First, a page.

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Date of last update: 8/24/2017.
Forum Name: Psychiatric Topics
|videogameluvr2009 - Wed Nov 04, 2009 2:32 pm||
I have a history of getting extremely angry to the point of requiring medication to stop the outburst. I used to take olanzapine, but aside from making me cry, it made me more drowsy than we expected, and it also caused tardive dyskinesia. Now I take lorazepam and occasionally haloperidol. These medications both make me cry before making me go to sleep (the drowsiness is intended), and I would like to know how common it is to cry when taking a PRN. If you could answer my question I'd appreciate it greatly.
|Faye Lang, RN, MSW - Fri Jul 16, 2010 8:12 pm||
I'm sorry that this response is so late. I'll provide some information, in case it may still be helpful to you, as well as to others who may read this post.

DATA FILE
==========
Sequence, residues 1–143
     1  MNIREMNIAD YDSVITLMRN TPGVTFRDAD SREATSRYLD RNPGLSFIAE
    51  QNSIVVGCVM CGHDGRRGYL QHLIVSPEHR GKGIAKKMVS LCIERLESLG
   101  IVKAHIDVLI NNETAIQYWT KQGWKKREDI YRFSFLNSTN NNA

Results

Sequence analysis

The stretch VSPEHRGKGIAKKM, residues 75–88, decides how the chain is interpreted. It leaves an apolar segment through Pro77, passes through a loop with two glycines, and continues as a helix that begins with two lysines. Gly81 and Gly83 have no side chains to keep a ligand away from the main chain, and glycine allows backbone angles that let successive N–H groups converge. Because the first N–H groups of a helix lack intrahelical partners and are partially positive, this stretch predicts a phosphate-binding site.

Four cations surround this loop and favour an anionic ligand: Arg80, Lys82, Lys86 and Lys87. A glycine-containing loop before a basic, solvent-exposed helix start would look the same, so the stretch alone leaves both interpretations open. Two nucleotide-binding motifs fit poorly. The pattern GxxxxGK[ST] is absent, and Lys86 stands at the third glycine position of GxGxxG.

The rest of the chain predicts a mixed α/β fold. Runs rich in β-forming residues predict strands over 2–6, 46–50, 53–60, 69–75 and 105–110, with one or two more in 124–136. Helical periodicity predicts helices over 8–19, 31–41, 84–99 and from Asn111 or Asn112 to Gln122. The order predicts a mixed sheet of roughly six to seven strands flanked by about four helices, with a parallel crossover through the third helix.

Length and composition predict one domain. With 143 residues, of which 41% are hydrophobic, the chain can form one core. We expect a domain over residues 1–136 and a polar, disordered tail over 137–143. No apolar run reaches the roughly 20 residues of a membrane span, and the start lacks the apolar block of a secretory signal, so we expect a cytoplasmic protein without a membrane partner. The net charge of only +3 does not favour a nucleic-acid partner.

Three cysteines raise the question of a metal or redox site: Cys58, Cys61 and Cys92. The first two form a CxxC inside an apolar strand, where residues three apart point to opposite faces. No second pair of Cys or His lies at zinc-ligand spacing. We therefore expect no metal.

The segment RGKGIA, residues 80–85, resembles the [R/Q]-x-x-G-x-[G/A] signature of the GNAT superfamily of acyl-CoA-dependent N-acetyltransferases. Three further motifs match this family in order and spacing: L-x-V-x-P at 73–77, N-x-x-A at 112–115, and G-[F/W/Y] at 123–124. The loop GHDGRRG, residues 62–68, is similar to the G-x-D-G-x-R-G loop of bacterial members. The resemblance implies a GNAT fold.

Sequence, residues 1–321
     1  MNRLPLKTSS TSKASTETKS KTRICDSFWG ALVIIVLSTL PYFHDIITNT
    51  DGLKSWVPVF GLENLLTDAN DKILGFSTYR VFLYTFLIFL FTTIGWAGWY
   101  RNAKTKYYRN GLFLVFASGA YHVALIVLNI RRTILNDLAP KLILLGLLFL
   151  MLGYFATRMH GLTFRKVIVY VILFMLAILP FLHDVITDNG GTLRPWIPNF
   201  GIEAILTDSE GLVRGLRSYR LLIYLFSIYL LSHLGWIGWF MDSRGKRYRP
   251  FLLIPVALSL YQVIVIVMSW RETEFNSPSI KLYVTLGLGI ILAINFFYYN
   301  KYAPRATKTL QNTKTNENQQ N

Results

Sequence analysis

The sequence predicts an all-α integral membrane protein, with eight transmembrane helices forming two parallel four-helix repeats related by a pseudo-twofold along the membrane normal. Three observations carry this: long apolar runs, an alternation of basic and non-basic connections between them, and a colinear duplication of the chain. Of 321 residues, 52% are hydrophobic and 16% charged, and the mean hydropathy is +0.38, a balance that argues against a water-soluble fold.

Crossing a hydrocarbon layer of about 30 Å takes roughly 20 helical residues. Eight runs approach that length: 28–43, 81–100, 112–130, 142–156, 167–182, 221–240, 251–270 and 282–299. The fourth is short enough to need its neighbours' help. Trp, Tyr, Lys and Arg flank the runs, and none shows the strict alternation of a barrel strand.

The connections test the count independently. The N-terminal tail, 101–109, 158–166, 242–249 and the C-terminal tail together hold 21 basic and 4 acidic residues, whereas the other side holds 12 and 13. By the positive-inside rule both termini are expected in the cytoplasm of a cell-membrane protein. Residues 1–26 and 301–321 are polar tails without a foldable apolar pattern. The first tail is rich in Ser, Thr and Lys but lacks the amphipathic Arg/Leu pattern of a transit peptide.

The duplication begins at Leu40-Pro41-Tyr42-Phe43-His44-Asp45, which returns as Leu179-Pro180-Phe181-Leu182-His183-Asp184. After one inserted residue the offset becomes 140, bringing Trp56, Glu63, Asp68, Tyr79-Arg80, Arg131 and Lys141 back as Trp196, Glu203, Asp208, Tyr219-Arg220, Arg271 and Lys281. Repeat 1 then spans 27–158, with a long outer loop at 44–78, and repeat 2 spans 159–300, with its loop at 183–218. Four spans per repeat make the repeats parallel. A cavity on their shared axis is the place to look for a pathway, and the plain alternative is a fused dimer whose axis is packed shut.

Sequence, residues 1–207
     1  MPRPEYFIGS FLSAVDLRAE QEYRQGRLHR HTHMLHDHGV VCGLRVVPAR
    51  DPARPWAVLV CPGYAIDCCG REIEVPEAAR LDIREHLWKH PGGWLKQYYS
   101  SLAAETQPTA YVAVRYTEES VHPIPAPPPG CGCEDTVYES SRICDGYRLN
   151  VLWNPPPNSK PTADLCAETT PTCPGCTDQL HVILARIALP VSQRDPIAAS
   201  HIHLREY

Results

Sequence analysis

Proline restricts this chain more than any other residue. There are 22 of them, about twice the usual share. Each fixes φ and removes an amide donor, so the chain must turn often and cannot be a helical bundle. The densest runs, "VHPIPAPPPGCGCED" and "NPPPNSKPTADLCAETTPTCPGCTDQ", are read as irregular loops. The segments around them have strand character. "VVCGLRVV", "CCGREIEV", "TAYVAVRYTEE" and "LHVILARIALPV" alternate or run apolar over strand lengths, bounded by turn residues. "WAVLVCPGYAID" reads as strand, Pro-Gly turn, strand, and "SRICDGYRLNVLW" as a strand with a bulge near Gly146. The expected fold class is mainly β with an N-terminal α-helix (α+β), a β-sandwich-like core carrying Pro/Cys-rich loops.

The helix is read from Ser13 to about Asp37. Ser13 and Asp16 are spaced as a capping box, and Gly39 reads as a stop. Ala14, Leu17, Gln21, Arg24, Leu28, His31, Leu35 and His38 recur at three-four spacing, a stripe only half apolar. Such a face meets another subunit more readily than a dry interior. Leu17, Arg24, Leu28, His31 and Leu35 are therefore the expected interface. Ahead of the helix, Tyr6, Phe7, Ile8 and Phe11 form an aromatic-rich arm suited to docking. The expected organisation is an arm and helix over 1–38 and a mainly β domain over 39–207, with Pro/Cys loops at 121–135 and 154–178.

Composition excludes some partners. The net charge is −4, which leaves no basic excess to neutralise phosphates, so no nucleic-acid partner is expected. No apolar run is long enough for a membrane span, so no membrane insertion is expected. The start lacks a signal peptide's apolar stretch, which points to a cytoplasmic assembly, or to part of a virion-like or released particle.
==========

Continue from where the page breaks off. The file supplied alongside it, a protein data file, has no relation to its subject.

Crying in response to your prn medications is not a usual symptom. Each of us can have individual responses to medications, so I can't say it's definitely not, however. The only one of your medications that notes emotional upsets as a side effect is Epival. Your prn medications would generally be expected to reduce your tearfulness. It may be helpful for you to discuss the timing of your prn medications with your doctor, or he or she may wish to add another dosage during the day. I encourage people to keep a daily record of their symtpoms, including what time it happens, how long it lasts, what you were doing when it began (and the time you took the prn medications), what helped or made the symptom worse, and any other data you consider important. Always take your record to your medical appointments, which can be invaluable to your doctor in determining the best course of action. I sincerely hope this is helpful to you. Good luck!
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